“I don’t know,” she said. “It’s overwhelming.” ’I worry about the families’
Acknowledging the shortcomings of distance learning programs throughout California last spring, the Legislature included requirements in the passage of the state budget. Legislators conditioned state funding on compliance with, among others, live interaction with teachers; how schools will address the needs of special education, English learner and foster youth; and districts must show how they will measure their effectiveness.
The days of not holding staff and students accountable for lack of participation or results are over, according to the bill’s language.
“I think the state has been fairly directive that we need to keep those students at the forefront,” said Mandy Corbin, assistant superintendent of special education for the Sonoma County Office of Education. “My view on that is that I do not believe that those students have been forgotten at all. For us in the world of special education, we are concerned every day for our students and we want them back in person as soon as we can.”
Gov. Gavin Newsom’s directive that no schools within any county on the state’s COVID-19 watchlist can open for in-person instruction included an option for districts to seek waivers. As many as 15 districts have sought some form of exemption to the prohibition, according to SCOE Superintendent Steve Herrington.
With a waiver in hand, a school district could potentially open campus to serve high needs students in small group settings: special education, English learners, and others. Waivers must be approved by the county’s public health office, as well as the state Department of Public Health, Herrington said.
No waivers have yet been issued.
Until in-person services are offered again, Corbin said families are clearly feeling the pressure of providing specialized instruction and care at home.'
“For our families, it’s the stamina of keeping up with that every day over the duration of this,” Corbin said. “I worry about the families.“
’We can’t go on like this’ Language in the state budget bills requires districts to provide “live daily interaction,” take attendance and offer a minimum amount of daily instruction, which can be met through a combination of live instruction and a time value given to work assigned. Schools must also provide “accommodations necessary” to serve students with special needs.
But what is realistic or feasible during a pandemic is unclear, said Lisa Lightner, a special education advocate based in Philadelphia.
“You can ask for anything. You can ask for what your child needs, but nobody has said they have to provide anything,” Lightner said.
Lightner, who hosts a blog and a podcast on special education issues, said in the early days of the pandemic she advised families to stay the course and give districts and school officials the benefit of the doubt.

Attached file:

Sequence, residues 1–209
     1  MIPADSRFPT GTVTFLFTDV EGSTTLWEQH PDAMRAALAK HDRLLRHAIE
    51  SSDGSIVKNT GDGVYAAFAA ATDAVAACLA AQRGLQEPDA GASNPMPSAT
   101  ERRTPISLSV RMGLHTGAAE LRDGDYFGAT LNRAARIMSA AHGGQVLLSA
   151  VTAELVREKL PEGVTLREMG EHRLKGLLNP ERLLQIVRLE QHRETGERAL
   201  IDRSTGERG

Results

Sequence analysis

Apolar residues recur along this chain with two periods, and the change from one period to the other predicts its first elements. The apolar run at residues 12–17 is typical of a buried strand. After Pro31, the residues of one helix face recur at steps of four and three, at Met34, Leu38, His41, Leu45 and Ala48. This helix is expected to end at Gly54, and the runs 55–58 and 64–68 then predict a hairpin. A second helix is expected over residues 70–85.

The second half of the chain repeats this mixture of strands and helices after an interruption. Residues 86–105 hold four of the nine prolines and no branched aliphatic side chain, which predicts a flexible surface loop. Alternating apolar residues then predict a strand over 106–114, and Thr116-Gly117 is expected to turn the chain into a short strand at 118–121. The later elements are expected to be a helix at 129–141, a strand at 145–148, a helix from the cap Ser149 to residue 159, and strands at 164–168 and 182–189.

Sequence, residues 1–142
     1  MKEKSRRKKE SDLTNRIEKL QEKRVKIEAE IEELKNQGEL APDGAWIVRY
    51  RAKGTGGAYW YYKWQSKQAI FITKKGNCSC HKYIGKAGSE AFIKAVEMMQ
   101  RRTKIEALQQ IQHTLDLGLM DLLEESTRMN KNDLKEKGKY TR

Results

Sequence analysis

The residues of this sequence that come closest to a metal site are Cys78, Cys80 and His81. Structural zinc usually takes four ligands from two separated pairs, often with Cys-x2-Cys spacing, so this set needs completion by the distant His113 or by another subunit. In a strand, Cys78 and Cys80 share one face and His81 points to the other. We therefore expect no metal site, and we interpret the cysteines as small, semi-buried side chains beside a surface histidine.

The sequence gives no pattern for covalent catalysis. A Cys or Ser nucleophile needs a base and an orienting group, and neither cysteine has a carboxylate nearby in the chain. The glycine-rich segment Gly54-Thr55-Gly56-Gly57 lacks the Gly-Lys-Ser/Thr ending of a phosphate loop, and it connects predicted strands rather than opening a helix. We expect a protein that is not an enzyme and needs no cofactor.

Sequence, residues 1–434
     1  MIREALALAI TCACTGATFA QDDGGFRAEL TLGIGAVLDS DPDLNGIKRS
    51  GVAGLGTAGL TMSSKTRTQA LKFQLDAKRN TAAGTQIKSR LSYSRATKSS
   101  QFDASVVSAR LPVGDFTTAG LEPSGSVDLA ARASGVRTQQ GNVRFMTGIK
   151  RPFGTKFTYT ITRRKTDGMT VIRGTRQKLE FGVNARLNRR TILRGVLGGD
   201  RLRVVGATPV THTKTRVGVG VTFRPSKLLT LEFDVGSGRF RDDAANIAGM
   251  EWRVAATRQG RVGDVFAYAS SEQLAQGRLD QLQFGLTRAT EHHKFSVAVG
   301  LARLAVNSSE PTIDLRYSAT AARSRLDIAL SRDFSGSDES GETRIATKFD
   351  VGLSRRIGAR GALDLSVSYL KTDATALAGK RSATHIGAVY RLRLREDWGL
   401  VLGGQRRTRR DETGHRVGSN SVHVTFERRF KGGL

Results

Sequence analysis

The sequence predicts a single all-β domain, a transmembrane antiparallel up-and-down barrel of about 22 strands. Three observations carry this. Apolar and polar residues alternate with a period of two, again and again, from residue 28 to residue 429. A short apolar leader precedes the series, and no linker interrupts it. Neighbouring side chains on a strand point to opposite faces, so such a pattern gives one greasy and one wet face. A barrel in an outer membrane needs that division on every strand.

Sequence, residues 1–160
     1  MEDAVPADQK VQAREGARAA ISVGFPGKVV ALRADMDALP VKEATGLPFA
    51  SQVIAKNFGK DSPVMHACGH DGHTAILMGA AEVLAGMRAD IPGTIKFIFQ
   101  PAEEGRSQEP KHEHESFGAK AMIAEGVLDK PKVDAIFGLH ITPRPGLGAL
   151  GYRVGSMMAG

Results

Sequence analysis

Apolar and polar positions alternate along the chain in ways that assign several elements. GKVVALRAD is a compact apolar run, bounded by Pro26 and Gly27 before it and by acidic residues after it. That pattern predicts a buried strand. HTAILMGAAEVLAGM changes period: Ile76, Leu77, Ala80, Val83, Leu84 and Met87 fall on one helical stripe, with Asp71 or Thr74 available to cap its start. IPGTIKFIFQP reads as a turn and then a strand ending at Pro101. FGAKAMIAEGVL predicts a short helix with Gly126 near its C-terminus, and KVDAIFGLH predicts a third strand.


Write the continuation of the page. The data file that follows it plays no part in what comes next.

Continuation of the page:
“It was ’Oh, my God, it’s a pandemic, let’s just get by. Let’s survive,’” she said.
Now that many schools across the country will be closed for the foreseeable future, Lightner expects services — in whatever form they may take — to resume to the extent possible. She said parents have to act as their own advocates.
“It’s going to be better because it’s going to have to be better,” she said.
But even the potential return of in-person instruction comes with its own set of problems for some vulnerable students. Some special education students’ experiences will be complicated if, like Lightner’s son, they are medically fragile. Parents who long to see their children get back to critical routines and intervention programs must balance that with other health and safety considerations if their child is at greater risk related to COVID-19, Lightner said.
“It’s not an easy decision,“ she said. ”I hate watching him regress ... but I just feel like social skills and activities of daily living, we can remediate that, but I can’t risk his physical health because COVID would be deadly for him,“ she said.
Rocha shares many parents’ return to school fears — both for her daughter and the teachers and staff who care for her. Gigi might struggle to keep a mask on. And maintaining 6 feet of separation? That is not likely to work either, she said.
“She definitely doesn’t understand social distancing — she would run up to people and hug them,” Rocha said.
Rocha has spent months investigating options that will work for Gigi and work for her family. Keen to social cues and following the lead of peers, Rocha said that Gigi has always done better when integrated with general education classes.
But the pandemic will likely prohibit that for the time-being. So Rocha is seeking ways to secure both therapy sessions for her daughter, but also a modicum of free time among kids her own age.
So far, she hasn’t found a solution and knows she must. She returns to work Monday. “We can’t go on like this,” she said.